I used to hate those words when my music teachers kept at me, but practicing is the price we pay for enjoying our dance outs and entertaining the crowds. Actually, nowadays practicing is a lot more fun generally as it is our chance to catch up with the gossip, gardening, families, and quilting. Well, we are a female side!

For the most part practicing at this time of year involves getting ourselves sorted for a dance out. Working out what we are going to dance and in what position (that last part can cause some real headaches). Occasionally, we get a break in the sequence of performances and we can start to learn another dance the whole way through. Learning a new dance comes in stages – it is, hopefully, all in the head of the instructor (who is usually the one who invented it, but not always), but often requires some tweaking as you go along when timings don’t work or steps don’t fit. As the dancers don’t have a picture of the dance in their head, they are feeling their way through the figures. We also rotate our dances – we don’t dance all of them all the time, so we revive old ones that only the longer-standing members remember (vaguely, often), as well as introduce new ones as we drop old ones.

Left or right?

Left or right?

Starting a new dance, first everyone has to remind themselves of which way is left, right, up, down, in and out (believe me, we have difficulty with these concepts at times), then we walk through a figure, dance it, tweak it, dance it again before moving on to the next figure. Well, that’s what happens theoretically. Sometimes the democratic process takes over and we can have a debate about shapes and timings, sometimes we have to live in a dictatorship and allow for the fact that the instructor knows where we’re supposed to be going with this… Actually, sometimes what would help most is if there was more listening going on, rather than discussions about the care of courgettes or hemming hangups.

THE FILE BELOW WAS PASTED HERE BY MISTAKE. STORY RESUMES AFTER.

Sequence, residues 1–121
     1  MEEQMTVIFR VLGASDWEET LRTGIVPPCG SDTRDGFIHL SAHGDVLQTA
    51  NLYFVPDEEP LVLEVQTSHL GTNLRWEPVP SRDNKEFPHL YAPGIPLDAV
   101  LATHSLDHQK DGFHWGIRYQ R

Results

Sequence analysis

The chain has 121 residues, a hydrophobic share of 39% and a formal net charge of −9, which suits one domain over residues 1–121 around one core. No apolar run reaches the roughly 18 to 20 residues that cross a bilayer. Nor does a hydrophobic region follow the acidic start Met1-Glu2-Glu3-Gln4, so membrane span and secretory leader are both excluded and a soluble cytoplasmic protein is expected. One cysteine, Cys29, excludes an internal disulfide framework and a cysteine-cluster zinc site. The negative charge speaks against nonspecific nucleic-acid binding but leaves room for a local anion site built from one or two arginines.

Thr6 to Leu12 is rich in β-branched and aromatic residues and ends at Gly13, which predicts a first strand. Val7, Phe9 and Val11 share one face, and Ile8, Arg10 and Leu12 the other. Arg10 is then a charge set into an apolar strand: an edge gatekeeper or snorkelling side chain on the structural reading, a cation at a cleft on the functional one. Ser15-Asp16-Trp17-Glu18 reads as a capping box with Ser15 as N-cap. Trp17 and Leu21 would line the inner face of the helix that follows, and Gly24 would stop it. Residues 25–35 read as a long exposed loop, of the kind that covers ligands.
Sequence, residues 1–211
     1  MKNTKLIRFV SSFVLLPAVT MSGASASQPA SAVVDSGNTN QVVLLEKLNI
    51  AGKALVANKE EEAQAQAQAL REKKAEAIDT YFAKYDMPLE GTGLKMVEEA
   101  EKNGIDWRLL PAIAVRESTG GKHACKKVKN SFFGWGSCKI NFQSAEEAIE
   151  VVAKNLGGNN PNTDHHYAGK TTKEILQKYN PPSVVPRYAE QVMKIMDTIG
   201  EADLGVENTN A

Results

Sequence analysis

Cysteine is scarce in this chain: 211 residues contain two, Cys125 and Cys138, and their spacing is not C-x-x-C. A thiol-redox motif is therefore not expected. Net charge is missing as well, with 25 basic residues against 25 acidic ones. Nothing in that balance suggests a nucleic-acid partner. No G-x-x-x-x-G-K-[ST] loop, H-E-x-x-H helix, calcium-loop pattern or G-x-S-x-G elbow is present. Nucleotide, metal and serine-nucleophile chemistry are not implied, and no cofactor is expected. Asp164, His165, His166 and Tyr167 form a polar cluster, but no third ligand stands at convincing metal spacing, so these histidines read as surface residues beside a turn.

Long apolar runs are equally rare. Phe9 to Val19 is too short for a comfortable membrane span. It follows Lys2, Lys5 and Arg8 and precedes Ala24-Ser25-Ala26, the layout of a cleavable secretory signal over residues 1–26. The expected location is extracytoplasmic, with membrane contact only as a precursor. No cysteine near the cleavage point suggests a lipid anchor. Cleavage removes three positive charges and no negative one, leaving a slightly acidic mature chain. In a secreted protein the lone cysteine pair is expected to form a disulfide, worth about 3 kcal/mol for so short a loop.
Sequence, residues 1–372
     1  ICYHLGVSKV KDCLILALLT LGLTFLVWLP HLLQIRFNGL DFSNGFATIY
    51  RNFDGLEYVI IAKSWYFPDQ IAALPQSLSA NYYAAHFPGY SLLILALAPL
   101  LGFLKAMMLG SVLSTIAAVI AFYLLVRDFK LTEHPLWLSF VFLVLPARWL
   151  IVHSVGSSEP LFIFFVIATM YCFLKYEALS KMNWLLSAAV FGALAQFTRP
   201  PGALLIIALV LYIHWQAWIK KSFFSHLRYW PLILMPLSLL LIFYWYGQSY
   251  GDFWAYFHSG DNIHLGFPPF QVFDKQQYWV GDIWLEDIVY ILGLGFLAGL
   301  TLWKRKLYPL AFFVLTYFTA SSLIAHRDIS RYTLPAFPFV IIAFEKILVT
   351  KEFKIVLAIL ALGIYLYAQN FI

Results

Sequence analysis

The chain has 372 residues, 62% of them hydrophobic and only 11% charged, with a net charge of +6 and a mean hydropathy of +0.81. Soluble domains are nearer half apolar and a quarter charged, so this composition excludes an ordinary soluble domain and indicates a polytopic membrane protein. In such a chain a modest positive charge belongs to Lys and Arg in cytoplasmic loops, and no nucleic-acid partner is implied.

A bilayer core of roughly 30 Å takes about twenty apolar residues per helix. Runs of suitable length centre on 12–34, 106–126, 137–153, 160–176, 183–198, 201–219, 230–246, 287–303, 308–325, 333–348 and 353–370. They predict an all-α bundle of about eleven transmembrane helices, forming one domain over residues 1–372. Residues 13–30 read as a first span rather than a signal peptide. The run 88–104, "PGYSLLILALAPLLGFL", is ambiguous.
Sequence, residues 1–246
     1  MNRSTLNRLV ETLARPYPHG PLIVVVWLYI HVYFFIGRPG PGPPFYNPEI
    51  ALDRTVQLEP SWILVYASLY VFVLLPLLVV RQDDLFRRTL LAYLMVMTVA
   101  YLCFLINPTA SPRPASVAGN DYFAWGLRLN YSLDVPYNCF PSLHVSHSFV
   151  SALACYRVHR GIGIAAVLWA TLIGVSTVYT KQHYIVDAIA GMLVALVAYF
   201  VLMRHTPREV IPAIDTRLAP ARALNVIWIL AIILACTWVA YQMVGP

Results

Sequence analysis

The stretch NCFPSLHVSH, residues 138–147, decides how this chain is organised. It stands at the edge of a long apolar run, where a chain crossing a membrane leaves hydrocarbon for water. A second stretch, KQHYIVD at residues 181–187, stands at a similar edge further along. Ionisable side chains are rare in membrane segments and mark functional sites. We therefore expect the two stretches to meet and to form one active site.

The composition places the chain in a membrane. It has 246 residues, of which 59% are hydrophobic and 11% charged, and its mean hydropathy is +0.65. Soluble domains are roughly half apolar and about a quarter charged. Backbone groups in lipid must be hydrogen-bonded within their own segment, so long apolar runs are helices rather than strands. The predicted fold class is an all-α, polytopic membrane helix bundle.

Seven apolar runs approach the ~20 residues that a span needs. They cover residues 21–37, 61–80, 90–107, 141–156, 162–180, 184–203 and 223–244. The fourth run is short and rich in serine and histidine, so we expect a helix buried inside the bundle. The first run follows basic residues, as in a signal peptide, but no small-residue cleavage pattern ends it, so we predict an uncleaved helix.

It’s an interesting process to watch for a change as I discovered the other night when we were being taught Frenchay (a new dance named for the old, now closed, hospital in north Bristol). To see how to accommodate all the ways in which people process the figures, the directions they are to go in, how they interact with the people around them (right shoulder, left shoulder etc.) and then piece it together.

The Dance Instructor conducts the proceedings

The Dance Instructor conducts the proceedings

Mrs Wilkins the Aeronautical Engineer (retd.) is our current Dance Instructor, and I swear she bases her dances on engineering diagrams. Once I’ve worked out what piece of machinery it looks like, I can generally get a handle on the figures – cogs, flywheels, pistons etc. Once there, I can often move positions around the set as I will know where about on the diagram I am and what I need to do next. Not everyone sees a dance like that, which makes teaching it a challenge to accommodate the different memory techniques. Some people can move positions as they are learning (and find it easier to memorise the overall dance that way), some have to wait until they’ve got a good grip of it before they move around, some just can’t see the pattern as a whole and struggle to dance anywhere other than where they learnt it.

I’m sure all sides have their quirks about learning dances, or their timings for when they do it. We do it as time permits throughout the year – which can mean that some people learn it faster than others, depending upon when they attend practice and when we teach the new dance. I have known some dancers only ever to learn the first half of a dance and wait for a year to learn the second half.

Where next?

Where next?

BTW – we practice every Thursday night at Batheaston Methodist Church Hall 8-10pm. Drop us a line if you’d like to join in (female dancers only, but we are very happy to welcome musicians of all sorts and sounds).